At present, Mumford is using a fellowship from the Leverhulme Trust to investigate “the metaphysics of absences and negative properties”. This will address questions such as how we perceive that there isn’t a hippopotamus in the room. Even he admits that this topic is of largely specialist interest and that he was surprised to win funding rather than be mocked for “a proposal to work on nothing for three years”. On the other hand, he is adamant that philosophers’ insights into causation can be of urgently practical relevance. As evidence for this, he cites a big interdisciplinary research project he has been working on at the Norwegian University of Life Sciences about causation and medicine.
The starting point, he explains, “is that you have to understand what causation is in order to look for it – and if there are some philosophical misunderstandings, it can mislead us when we’re doing science”.
Many people, Mumford goes on, work on the assumption that “causes are just like blocks you can add together and that they don’t change each other when you [put] them all together”. In reality, however, “multiple causes can interact and change each other”, so “two drugs that both lower blood pressure individually can raise it when taken together”.
This has major implications for research: “When you run a randomised controlled trial, the way it works is that you have to introduce an intervention in the treatment group that the placebo group doesn’t get. But assuming that a drug is safe and works in this context, does it mean that it is safe and works in every context?
“Furthermore, to be eligible to be a subject in a trial, you can’t be at death’s door but need to be otherwise fairly healthy. But the drug is developed so that it can be marketed to people who are very unhealthy. We have all seen elderly people who start each day with a big tray of drugs, a chemical cocktail – and that particular combination of drugs has never been tested. That would be OK if causation worked in an additive, linear fashion, but that’s not the way it is.”
The medical professionals he collaborates with, claims Mumford, value the way that philosophers can help them think more deeply about causation. But we don’t have to take his own word for the practical applicability of his work. On one remarkable occasion in 2011, he was flown across the world to take part in a workshop on “understanding and influencing the causality of change in complex socio-technical systems” organised by the US Air Force!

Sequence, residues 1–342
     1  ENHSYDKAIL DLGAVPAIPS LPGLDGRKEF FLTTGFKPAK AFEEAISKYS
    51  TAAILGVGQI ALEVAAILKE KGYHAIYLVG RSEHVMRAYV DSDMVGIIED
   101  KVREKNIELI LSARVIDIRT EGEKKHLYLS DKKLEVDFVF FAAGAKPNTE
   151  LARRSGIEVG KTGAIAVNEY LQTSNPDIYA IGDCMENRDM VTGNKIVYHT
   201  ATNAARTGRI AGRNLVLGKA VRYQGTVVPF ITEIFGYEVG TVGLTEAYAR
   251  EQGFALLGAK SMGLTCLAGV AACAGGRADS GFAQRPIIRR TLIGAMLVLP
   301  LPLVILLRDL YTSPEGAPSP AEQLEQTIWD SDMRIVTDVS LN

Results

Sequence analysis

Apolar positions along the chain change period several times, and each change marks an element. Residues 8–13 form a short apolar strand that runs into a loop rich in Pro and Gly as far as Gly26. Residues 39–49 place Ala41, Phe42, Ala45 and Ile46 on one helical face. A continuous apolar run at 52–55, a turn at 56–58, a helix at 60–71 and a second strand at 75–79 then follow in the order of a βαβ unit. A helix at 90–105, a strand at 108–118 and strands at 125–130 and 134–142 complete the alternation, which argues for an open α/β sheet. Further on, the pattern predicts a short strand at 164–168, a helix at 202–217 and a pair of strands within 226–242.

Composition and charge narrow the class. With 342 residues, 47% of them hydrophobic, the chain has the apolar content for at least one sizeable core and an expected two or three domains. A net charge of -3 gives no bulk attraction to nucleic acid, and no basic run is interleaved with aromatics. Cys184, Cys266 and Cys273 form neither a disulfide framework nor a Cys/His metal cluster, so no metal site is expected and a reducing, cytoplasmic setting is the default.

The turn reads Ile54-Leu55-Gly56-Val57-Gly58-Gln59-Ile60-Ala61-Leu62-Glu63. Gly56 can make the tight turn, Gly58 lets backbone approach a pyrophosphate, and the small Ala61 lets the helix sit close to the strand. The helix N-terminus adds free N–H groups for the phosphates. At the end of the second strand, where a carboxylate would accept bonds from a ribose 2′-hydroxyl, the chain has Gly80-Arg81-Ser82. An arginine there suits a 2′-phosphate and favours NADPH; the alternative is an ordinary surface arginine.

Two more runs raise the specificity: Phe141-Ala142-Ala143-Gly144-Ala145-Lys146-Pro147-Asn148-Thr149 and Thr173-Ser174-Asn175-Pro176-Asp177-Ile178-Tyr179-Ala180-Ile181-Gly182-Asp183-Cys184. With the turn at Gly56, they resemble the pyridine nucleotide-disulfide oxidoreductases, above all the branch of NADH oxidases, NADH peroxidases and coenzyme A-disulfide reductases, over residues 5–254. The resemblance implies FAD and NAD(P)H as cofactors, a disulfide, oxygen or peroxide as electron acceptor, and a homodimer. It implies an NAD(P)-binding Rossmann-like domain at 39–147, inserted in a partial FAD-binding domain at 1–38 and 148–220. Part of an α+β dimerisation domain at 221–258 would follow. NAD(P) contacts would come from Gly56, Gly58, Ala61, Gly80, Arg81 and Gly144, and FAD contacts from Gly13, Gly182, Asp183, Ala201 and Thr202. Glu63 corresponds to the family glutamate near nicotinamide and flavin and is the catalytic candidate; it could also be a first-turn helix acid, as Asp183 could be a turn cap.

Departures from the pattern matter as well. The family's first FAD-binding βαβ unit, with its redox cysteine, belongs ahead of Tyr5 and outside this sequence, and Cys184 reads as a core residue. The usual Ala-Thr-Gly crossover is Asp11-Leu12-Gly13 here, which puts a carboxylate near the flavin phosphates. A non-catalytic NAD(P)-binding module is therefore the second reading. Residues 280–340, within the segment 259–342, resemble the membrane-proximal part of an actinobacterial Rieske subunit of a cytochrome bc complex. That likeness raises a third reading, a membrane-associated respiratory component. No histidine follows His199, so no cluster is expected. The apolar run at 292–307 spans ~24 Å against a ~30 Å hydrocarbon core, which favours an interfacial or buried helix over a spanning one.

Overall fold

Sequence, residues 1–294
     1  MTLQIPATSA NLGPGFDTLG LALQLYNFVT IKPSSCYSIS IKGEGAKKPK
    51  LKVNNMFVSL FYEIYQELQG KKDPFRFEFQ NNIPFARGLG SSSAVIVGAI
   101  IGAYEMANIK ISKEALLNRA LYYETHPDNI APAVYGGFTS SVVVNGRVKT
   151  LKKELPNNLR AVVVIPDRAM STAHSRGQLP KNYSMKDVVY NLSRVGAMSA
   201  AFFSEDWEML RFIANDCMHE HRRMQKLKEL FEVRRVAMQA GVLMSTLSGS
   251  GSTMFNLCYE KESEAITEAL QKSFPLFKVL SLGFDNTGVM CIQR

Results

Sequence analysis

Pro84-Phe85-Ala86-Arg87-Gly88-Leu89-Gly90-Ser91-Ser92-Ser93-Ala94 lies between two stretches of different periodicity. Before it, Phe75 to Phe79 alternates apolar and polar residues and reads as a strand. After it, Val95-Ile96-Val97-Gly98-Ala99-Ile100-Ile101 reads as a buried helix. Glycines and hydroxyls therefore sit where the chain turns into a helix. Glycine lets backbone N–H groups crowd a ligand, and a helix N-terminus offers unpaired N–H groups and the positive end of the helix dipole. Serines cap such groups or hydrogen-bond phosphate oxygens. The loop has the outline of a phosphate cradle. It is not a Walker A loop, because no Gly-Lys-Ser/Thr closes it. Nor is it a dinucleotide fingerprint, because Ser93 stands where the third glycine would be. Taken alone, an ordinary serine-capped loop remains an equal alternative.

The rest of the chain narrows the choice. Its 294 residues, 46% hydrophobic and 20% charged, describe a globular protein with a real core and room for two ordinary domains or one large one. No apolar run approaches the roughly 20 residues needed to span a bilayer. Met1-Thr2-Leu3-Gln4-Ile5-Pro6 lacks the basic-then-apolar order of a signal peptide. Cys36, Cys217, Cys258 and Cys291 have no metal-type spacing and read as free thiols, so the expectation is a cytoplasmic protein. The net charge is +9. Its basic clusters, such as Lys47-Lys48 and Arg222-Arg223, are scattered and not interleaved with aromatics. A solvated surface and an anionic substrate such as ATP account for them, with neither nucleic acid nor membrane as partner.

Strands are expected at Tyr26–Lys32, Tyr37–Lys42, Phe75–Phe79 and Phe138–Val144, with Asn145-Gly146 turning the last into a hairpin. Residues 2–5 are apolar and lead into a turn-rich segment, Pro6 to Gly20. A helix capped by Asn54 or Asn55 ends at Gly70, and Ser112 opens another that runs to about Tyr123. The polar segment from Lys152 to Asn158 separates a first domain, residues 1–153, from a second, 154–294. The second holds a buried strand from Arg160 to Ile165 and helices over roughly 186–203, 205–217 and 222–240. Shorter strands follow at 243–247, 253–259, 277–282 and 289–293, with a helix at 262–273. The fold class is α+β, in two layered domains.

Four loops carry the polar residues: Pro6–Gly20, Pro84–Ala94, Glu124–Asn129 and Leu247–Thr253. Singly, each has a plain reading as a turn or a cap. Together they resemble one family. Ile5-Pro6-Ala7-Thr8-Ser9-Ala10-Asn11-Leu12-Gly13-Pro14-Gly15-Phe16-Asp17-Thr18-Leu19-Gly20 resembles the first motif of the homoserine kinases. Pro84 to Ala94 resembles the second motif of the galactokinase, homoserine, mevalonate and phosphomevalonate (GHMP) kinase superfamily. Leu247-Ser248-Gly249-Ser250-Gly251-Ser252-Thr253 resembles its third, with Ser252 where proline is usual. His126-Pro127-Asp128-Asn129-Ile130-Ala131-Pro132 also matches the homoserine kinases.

Although Mumford hopes that Chilwell’s arguments in Glimpse of Light have “a prima facie plausibility”, he is also careful to distance himself from his protagonist by revealing him to be both prickly and pompous. He is not, he insists, using the novel just to popularise ideas that he has already developed elsewhere, in more technical terms, for specialists.
So what is he trying to do? Part of his motivation comes from a certain regret about the way that philosophy has developed into a highly technical discipline. “The great works of philosophy aren’t full of footnotes,” he says. “Descartes’ Meditations start as a bit of a story. The same is true of Plato, of course. But the subject became professionalised and lost a literary dimension...Because of things like the REF, people want to produce technically sound, watertight papers – and one way to do that is to make them smaller and smaller.”
As an example, Mumford notes that he is “sympathetic to the idea that science can’t answer every question, but it would be hard to present that argument in a contemporary philosophical setting, because people would just think that it is too big. A lot of times when you get rejected from a journal, it’s because you are too ambitious, trying to say too much.”
Instead of such minimalism, Mumford loves the great philosophers of the past who dared to develop big, bold ideas, even when they were completely wrong: “One of my favourite philosophers is David Hume – and I disagree with him on virtually everything!” Mumford says. “The reason for his greatness is that he articulates a particular view absolutely flawlessly.”
Writing a novel about a philosopher who broadly shares his perspectives but is by no means identical to him, therefore, allows Mumford to do things that he could never do in his day job.
“Ben overreaches his position in a way that I couldn’t have done in an academic monograph,” he explains. “He’s taking it an extra 20 per cent beyond what the argument warrants – I like having the freedom to be able to do that in a work of fiction.
“I am flying by the seat of my pants when he talks about causality as an uncaused cause – even God could not have created causation. That’s pretty mind-blowing! I could never write a scholarly paper on that, but it’s a great idea to put out there and get the reader to explore.”
And that is perhaps his most fundamental goal of all: Mumford is an eloquent enthusiast for his subject and would like to “stimulate readers to start thinking philosophically. I would be delighted if this was the first philosophy book someone had read.”
Stephen Mumford’s Glimpse of Light: New Meditations on First Philosophy has just been published in the UK by Bloomsbury.